12. Florian Englmaier & Stephen Leider, 2012. "Contractual and Organizational Structure with Reciprocal Agents," American Economic Journal: Microeconomics, American Economic Association, vol. 4(2), pages 146-83, May.
  13. Giebe, Thomas & Gürtler, Oliver, 2012. "Optimal contracts for lenient supervisors," Journal of Economic Behavior & Organization, Elsevier, vol. 81(2), pages 403-420.
  14. Robert Dur, 2009. "Gift Exchange in The Workplace: Money or Attention?," Journal of the European Economic Association, MIT Press, vol. 7(2-3), pages 550-560, 04-05.
  15. Prendergast, Canice & Topel, Robert H, 1996. "Favoritism in Organizations," Journal of Political Economy, University of Chicago Press, vol. 104(5), pages 958-78, October.
  16. Carmichael, H Lorne, 1983. "The Agent-Agents Problem: Payment by Relative Output," Journal of Labor Economics, University of Chicago Press, vol. 1(1), pages 50-65, January.
  17. Brown, Martin & Falk, Armin & Fehr, Ernst, 2003. "Relational Contracts and the Nature of Market Interactions," IZA Discussion Papers 897, Institute for the Study of Labor (IZA).
  18. Delfgaauw, Josse & Dur, Robert, 2007. "Signaling and screening of workers' motivation," Journal of Economic Behavior & Organization, Elsevier, vol. 62(4), pages 605-624, April.
  19. George Baker & Robert Gibbons & Kevin J. Murphy, 1993. "Subjective Performance Measures in Optimal Incentive Contracts," NBER Working Papers 4480, National Bureau of Economic Research, Inc.
  20. Arjan Non, 2011. "Gift-Exchange, Incentives, and Heterogeneous Workers," CESifo Working Paper Series 3547, CESifo Group Munich.
  21. James Andreoni & John Miller, 2002. "Giving According to GARP: An Experimental Test of the Consistency of Preferences for Altruism," Econometrica, Econometric Society, vol. 70(2), pages 737-753, March.
  22. Bull, Clive, 1987. "The Existence of Self-Enforcing Implicit Contracts," The Quarterly Journal of Economics, MIT Press, vol. 102(1), pages 147-59, February.
  23. Campbell, Carl M, III & Kamlani, Kunal S, 1997. "The Reasons for Wage Rigidity: Evidence from a Survey of Firms," The Quarterly Journal of Economics, MIT Press, vol. 112(3), pages 759-89, August.
  24. Shapiro, Carl & Stiglitz, Joseph E, 1984. "Equilibrium Unemployment as a Worker Discipline Device," American Economic Review, American Economic Association, vol. 74(3), pages 433-44, June.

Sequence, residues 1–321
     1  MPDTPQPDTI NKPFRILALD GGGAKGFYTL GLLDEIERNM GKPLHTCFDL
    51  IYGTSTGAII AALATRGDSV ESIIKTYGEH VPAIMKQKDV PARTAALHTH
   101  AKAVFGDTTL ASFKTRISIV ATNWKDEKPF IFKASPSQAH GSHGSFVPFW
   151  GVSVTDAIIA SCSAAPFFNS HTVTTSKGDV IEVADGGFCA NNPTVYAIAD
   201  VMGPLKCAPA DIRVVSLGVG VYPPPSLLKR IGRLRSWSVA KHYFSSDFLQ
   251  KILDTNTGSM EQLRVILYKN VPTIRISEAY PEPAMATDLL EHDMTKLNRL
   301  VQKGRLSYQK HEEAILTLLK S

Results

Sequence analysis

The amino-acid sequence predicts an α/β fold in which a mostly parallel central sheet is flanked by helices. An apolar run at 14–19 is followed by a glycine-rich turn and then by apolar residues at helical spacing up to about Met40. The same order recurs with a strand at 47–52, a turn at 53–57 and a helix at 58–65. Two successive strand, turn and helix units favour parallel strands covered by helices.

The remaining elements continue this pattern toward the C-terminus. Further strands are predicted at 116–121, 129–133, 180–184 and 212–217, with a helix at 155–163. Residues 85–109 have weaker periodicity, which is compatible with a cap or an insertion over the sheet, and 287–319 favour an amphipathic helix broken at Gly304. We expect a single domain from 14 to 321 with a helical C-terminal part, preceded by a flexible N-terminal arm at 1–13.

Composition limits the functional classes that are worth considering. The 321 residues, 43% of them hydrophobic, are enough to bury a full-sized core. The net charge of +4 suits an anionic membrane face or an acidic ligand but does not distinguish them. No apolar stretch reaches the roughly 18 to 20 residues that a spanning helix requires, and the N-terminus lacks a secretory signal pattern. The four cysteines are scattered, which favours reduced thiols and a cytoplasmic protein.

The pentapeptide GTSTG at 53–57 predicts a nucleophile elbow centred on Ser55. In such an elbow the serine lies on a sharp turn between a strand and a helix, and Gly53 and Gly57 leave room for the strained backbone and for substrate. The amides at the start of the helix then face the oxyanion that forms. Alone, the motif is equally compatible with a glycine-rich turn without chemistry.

25. Daniel M.G. Raff & Lawrence H. Summers, 1986. "Did Henry Ford Pay Efficiency Wages?," NBER Working Papers 2101, National Bureau of Economic Research, Inc.
  26. Amihai Glazer, 2008. "Optimal Contracts When a Worker Envies His Boss," Journal of Law, Economics and Organization, Oxford University Press, vol. 24(1), pages 120-137, May.
  27. Canice Prendergast, 1999. "The Provision of Incentives in Firms," Journal of Economic Literature, American Economic Association, vol. 37(1), pages 7-63, March.
Full references (including those not matched with items on IDEAS)

This item is not listed on Wikipedia, on a reading list or among the top items on IDEAS.

When requesting a correction, please mention this item's handle: RePEc:iza:izadps:dp7363. See general information about how to correct material in RePEc.

For technical questions regarding this item, or to correct its authors, title, abstract, bibliographic or download information, contact: (Mark Fallak)

If you have authored this item and are not yet registered with RePEc, we encourage you to do it here. This allows to link your profile to this item. It also allows you to accept potential citations to this item that we are uncertain about.

If references are entirely missing, you can add them using this form.

If the full references list an item that is present in RePEc, but the system did not link to it, you can help with this form.

If you know of missing items citing this one, you can help us creating those links by adding the relevant references in the same way as above, for each refering item. If you are a registered author of this item, you may also want to check the "citations" tab in your profile, as there may be some citations waiting for confirmation.

Please note that corrections may take a couple of weeks to filter through the various RePEc services.

This information is provided to you by IDEAS at the Research Division of the Federal Reserve Bank of St. Louis using RePEc data.